Being offered currently as a frequent special are Angus Beef Short Ribs cooked for an hour and a half with carrots, celery and onions, beef broth and red wine. The vegetables are in the end puréed and served as a yummy sauce over the top. This scrumptious dish is served over risotto, fettucine or gnocchi. "I could eat it every day," said Resulbegu. I quite agree with him. My husband and I split this dish as well as having a few appetizers on one occasion and both raved about how heavenly it was.

Meals come with a basket of Tuscan bread served with a mild-tasting tomato spread. You can also get olive oil for dipping upon request.

Many desserts ($9) are homemade including the chocolate mousse, zabaglione with sliced strawberries and ricotta cheesecake, all of which were lovely, but the zabaglione, light and delicious, stood out

A meal for three with one shrimp appetizer, one steamed mussels fra diavolo appetizer ($14), one Città salad ($10), two entrées (Chicken Sorpresa and Rigatoni Rustica ($23) made with olives, capers, tomatoes and sausage), three desserts, three coffees and two glasses of wine came to $139.20.

Formal dining room the same

The elegant formal dining room at Città, which seats 85-90, hasn't changed, with its white tablecloths and napkins, classic wood chairs with black, white and tan fabric seats, hanging round clear lights with exposed filaments, stone accents that remain from many previous incarnations of this restaurant and knotty wood floors.

Another 35 can be seated in a room up a few steps behind the bar, and a room upstairs can accommodate 40 people for private parties.

Hours and parking

Food is served Sunday through Thursday from 12-3 and 5-10 p.m., Friday and Saturday until 11 p.m.

The odd-shaped parking area around the building can hold 40-50 cars with spillover possible into the empty lot next door. There is valet parking on weekends and during private parties.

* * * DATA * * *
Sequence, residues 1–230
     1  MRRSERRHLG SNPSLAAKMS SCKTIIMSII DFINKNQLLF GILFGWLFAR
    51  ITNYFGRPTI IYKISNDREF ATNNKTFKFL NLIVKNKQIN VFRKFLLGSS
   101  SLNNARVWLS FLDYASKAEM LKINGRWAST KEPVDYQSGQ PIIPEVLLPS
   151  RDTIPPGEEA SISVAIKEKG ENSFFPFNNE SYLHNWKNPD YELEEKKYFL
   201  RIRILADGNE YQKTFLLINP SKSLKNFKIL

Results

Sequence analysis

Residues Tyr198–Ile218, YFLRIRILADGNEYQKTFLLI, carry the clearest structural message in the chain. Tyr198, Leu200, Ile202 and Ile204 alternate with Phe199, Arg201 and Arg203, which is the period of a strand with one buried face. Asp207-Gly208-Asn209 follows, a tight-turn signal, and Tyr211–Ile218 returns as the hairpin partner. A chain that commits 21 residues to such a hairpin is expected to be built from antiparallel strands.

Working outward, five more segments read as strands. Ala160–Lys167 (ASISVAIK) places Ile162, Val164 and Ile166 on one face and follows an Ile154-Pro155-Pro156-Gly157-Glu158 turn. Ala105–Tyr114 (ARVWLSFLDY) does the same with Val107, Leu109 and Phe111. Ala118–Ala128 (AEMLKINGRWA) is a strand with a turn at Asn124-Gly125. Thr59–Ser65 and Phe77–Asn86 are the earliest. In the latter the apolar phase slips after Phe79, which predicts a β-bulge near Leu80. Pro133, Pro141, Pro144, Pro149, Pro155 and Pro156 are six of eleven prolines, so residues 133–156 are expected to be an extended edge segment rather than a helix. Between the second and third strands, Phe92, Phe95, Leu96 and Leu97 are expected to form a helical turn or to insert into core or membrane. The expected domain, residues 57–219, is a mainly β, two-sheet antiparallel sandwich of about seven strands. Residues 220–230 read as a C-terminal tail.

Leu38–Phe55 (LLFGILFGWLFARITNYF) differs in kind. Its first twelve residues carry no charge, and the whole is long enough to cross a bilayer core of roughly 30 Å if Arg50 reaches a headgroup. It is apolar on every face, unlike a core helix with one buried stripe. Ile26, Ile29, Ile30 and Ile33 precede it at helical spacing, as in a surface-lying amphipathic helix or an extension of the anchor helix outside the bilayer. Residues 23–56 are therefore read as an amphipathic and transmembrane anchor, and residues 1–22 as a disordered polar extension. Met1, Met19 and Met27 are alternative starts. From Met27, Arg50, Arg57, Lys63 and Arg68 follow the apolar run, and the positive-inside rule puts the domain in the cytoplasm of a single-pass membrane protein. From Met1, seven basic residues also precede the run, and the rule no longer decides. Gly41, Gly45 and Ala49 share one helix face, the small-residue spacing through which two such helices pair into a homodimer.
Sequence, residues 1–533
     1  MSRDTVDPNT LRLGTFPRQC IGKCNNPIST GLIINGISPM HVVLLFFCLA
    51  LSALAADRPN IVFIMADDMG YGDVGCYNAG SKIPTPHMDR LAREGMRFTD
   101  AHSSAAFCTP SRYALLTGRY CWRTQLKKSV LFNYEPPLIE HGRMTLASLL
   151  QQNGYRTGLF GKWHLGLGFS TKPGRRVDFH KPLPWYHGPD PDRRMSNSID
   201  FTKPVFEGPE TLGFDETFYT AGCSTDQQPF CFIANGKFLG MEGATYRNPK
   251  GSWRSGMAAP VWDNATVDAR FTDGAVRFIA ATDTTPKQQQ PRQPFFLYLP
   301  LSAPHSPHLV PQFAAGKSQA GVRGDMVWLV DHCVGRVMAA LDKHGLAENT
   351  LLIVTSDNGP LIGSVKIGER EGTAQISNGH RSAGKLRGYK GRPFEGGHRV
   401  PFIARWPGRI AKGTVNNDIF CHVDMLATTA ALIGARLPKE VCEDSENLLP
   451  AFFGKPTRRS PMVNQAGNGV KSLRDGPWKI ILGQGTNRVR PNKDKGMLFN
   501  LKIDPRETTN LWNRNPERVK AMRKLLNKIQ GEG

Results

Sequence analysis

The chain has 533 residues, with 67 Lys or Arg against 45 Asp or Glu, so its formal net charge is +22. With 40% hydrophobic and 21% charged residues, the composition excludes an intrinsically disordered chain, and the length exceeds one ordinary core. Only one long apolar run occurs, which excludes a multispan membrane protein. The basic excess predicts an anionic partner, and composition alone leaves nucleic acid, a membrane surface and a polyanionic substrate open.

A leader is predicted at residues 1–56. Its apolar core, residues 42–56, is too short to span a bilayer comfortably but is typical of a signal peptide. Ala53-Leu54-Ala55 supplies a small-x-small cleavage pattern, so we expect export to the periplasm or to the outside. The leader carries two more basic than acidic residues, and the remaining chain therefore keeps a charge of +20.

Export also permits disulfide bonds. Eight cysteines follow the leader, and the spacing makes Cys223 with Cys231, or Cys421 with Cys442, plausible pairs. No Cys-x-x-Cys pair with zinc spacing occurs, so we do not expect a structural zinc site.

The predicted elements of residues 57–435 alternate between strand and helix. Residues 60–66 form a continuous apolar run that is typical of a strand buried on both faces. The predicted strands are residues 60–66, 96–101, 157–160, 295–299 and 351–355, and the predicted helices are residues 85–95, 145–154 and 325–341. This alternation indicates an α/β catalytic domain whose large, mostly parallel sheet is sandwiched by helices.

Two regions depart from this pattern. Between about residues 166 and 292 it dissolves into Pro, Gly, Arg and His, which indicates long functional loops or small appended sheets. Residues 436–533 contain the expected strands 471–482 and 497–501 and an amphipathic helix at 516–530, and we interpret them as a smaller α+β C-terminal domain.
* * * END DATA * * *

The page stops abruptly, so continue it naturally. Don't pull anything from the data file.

"We have very good food," said Resulbegu. "People don't think this kind of restaurant could be in this area" with all of the fast food chains surrounding it. He's hoping the new moniker and wine bar denotation will attract more customers to the location to discover the exceptional preparations Città has to offer.

nessa reborn

I haven't had a chance to eat there since the transformation, but last weekend nessa at 325 North Main St., just down and across the street from the Port Chester police station, completed its rebranding from an Italian enoteca to an American bistro. "We even redecorated for the event," wrote proprietor Marc Tessitore in an Oct. 16 email.

First of all, I noticed the flag out front has been changed from Italian to American.

"We want the flexibility in 2015-16 to cook from an international viewpoint, and while our underpinnings are certainly Italian, we adore French and Asian cuisine, too," states their press release, written by Tessitore and his father Peter, the co-proprietor who is responsible for all the beautiful flowers and lush greenery inside and outside the restaurant.

Favorite dishes created nearly a decade ago by chef Brady Duhame have been preserved, but they brought in All Star chef Joseph David Mortelliti, owner of On the Way Café in Rye, to spar with current executive chef José Castro, who has been at nessa since 2006, to create a new fall menu. It features such delicacies as Salmon Carpaccio, Watercress and Ricotta Mousse, Curry Mussels, Pea Shoot and Mint Salad, Mother Earth's Beet Salad and Soil, Pasta Fagiole, Wild Mushroom Pasta and Poached Almond Milk and Soy Salmon.

To solidify the transition and rebranding of nessa, the Tessitores hired former Starbucks corporate leader Mario Salov to head up the dining room and create private parties both large and small.